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Acting as a bridge between the government and its citizens, a strategic organization drives Taipei towards becoming a smart city

[Taipei Smart City PMO] Taipei, Taiwan

In recent years, as Taipei pushed hard towards becoming a smart city, one organization has been working on accelerating government action. This organization, called Taipei Smart City PMO (Taipei Project Management Office, hereinafter TPMO), was established in March 2016.

“Taiwan’s government organizations are quite rigid. A smart city needs to be extremely agile and ready to respond, but it is difficult for non-governmental entities to change the administrative system. This is why we founded TPMO,” explains former TPMO executive director, Wei-bin Lee, who founded the institution.

TPMO is an organization affiliated to the Taipei City Government’s Department of Information Technology (DoIT), but none of the employees are civil servants. They are employed by respective private companies and organizations. TPMO’s primary mission is to support city government agencies in adopting innovations from the private sector in order to propel innovation within the government.


The office is located in a building that hosts the city sports center, among other tenants. It is located in the Neihu District, which is often referred to as Taipei’s Silicon Valley because tech companies are concentrated in the area.
https://smartcity.taipei

TPMO’s Purpose and Value

TPMO has three main purposes: To accelerate, to change the culture, and to engage.

“For example, a private entity that wants to install smart street lights for smart feature pilot testing in public area can’t proceed without official approval. Government cooperation is essential in order to enable private sector innovations,” says Lee. “Although innovation is still possible, if we rely on the government’s system alone, progress is slow. This is where TPMO steps in to speed things up.”

Its second purpose is to change the city government’s culture. Lee points out that “Government organizations tend to be reserved and preoccupied with internal matters, but many of the people’s demands are issues that concern multiple departments. The fact is that government agencies aren’t quick enough in addressing to these demands.” TPMO is here to respond to these demands and to help establish a cooperative relationship between the private sector and the public sector.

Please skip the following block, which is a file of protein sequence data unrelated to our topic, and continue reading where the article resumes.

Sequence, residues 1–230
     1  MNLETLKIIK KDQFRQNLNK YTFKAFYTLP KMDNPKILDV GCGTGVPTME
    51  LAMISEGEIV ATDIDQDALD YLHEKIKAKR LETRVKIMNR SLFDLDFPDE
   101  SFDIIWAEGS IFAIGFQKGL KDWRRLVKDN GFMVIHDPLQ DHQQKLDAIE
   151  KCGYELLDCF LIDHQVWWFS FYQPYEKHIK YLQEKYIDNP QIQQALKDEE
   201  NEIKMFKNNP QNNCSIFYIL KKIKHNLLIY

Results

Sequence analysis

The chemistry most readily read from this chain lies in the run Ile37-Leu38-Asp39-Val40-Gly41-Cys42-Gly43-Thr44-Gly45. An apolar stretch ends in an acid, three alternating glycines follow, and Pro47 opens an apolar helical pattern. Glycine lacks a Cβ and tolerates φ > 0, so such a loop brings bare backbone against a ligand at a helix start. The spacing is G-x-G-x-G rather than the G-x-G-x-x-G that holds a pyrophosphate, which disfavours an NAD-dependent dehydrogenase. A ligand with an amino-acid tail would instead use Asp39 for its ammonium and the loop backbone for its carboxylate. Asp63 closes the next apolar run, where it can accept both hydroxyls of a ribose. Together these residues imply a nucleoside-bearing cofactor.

Weibin Lee is the commissioner of the Department of Information Technology. He professor before taking up his . The third purpose is to engage, to draw in. “In theory, the government is adept in its project planning – but the projects exist mostly in separate silos, with plans drafted by the respective government agencies based on their past experiences and commissioned to the experts they hire,” Lee observes. “Today, however, science and technology are advancing at an amazing speed, unhindered by categorical limitations.” This is why it is crucial for the government to engage citizens. TPMO supports the government where it falls short in involving private and local communities, while also playing an important role in making sure people’s voices are channeled to the right agency(s).


Weibin Lee is the former commissioner of the Department of Information Technology. He professor before taking up his .

  • A meeting space on the office floor.

  • The office area where the 22 staff members work. Employees are all professionals who were active in their respective fields before joining TPMO.

  • A meeting between neighboring staff members.